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Weekly Chest CasesImaging Conference Cases

Case No : 8

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  • Age/Sex 36 / M
  • Case Title 36/M with mild dyspnea
  • Figure 1
  • Figure 2
  • Figure 3
  • Figure 4
  • Figure 5

Diagnosis With Brief Discussion

Courtesy
S
Imaging Findings
PA chest radiograph shows mild thickening of paratracheal stripe, bilateral hilar prominency, and reticular opacities in both mid-lung zones.
Thin-section lung window CT scans show diffuse thickening of bilateral bronchovascular bundles,
fissural thickening, and centrilobular micronodules with some subpleural micronodules.
Contrast-enhanced CT scans show bilateral mediastinal, subcarinal, and hilar lymph node enlargement.
Discussion
Sarcoidosis is a systemic granulomatous disease of unknown etiology that affects young adults and
typically manifests with bilateral hilar adenopathy, pulmonary infiltrates, uveitis, and erythema nodosum.
Microscopically there are widespread epitheloid noncaseating granulomas in more than one organ.

Several authors have described that the major CT finding in patients with pulmonary sarcoidosis is thickened bronchovascular bundles
(i.e., irregularly enlarged vessels, thickened bronchial wall, and small nodules along vessels).

Approximately 60-70 % of patients with sarcoidosis have a characteristic radiologic appearance consisting of
enlarged hilar and paratracheal lymph nodes with our without concomitant parenchymal changes.
In 25-30 % of cases, however, the radiologic findings are nonspecific or atypical, and in 5-10 % of patients the radiograph is normal.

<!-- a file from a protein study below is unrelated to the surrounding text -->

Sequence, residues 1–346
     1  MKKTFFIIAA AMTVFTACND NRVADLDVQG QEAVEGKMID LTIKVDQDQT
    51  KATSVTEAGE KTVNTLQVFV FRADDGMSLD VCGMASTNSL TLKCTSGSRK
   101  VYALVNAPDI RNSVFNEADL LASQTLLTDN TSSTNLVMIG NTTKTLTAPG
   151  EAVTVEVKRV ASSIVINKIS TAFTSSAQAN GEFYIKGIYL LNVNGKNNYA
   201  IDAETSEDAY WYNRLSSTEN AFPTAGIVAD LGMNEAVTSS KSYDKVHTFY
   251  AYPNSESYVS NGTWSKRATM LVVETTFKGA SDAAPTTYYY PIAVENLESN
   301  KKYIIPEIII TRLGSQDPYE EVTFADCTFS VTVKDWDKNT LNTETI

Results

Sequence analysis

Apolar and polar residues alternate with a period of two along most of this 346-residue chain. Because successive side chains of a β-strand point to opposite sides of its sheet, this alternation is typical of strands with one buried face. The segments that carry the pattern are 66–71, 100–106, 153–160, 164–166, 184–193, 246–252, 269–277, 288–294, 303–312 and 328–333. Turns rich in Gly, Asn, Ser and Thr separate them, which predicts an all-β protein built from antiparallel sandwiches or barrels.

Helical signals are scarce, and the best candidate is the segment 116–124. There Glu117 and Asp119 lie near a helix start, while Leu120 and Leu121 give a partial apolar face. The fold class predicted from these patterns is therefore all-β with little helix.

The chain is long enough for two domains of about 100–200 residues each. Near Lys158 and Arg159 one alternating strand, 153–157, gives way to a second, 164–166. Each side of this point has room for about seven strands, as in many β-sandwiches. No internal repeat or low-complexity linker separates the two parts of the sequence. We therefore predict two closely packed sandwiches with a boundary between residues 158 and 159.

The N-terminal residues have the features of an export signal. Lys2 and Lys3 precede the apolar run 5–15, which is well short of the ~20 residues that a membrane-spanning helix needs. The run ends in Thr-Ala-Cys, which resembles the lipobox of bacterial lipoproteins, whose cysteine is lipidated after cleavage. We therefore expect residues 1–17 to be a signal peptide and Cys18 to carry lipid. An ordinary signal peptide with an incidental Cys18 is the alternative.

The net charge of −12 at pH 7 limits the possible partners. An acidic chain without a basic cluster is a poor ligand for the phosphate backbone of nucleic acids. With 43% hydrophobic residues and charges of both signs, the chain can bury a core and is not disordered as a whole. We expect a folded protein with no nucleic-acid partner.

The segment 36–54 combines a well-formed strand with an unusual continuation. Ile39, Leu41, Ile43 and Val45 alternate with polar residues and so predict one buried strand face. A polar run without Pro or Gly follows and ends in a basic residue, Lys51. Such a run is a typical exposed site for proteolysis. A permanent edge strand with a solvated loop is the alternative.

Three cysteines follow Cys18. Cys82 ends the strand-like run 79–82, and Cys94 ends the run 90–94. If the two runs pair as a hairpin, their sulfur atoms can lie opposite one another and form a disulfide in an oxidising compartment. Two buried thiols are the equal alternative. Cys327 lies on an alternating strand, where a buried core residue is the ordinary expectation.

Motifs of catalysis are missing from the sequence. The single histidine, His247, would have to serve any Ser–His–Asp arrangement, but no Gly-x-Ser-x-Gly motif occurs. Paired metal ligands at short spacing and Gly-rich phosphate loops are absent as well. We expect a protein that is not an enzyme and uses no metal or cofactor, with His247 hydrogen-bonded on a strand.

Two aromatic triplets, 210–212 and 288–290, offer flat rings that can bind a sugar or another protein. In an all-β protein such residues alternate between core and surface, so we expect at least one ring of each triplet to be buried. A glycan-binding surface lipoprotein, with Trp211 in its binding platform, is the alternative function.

The variable and nonspecific radiographic findings are surprising given the characteristic pathologic appearance and distribution of sarcoidosis.
Sarcoid granulomas, the hallmark of the disease, are distributed along the lymphatics in the bronchovascular sheath and,
to a lesser extent in the interlobar septa and pleura.
This perilymphatic distribution is difficult to appreciate on the radiograph because of the superimposition of the parenchymal shadows,
but often it can be on CT.

Hamper et al assessed the typical and atypical CT manifestations in 36 patients.
Subpleural nodules were seen in some patients, but no mention was made of peribronchovascular distribution or thickening of the interlobular septa.
In this present case, the parenchymal finding on CT consisted of nodules along the bronchovascular bundles.
This reflects the distribution of sarcoid granulomas.
Established sarcoid fibrosis, when present, was also more marked along the bronchovascular bundles.

The distribution of sarcoid granulomas along the lymphatics is similar to that seen with pulmonary lymphangitic carcinomatosis.
Both conditions cause a beaded appearance of the bronchovascular bundles and of the interlobular septa.
The nodules in sarcoidosis often have irregular margins; those in lymphangitic carcinomatosis are rather smooth.
Irregular linear opacities and evidence of fibrosis are also more suggestive sarcoidosis.
In some patients, however, the pattern of parenchymal involvement of sarcoidosis may be identical to that of lymphatic spread of tumor.
Reference
1. Melissa L. Rasado de Christenson. Imaging insights: pulmonary sarcoidosis. Radiology 1993;187:883
2. Scadding JG, Mitchell DN, eds. Sarcoidosis. Lodon: Chapman and Hall Medical, 1985:101-180
3. Hamper UM, Fishman EK, Khouri NF. Typical and atypical CT manifestation of pulmonary sarcoidosis. J Comput Assist Tomogr 1986;10:928-936
4. Muller NL, Mawson JB. Sarcoidosis: Correlation of CT with clinical, functional, and radiologic findings. Radiology 1989;171:613-618
5. Lee KS, Kim TS, J Han, et al. Diffuse micronodular lung diseases: thin-section CT and pathologic findings. J Comput Assist Tomogr 1999;23:99-106
Keywords
Lung, Idiopathic interstitial pneumonia, Sarcoidosis,
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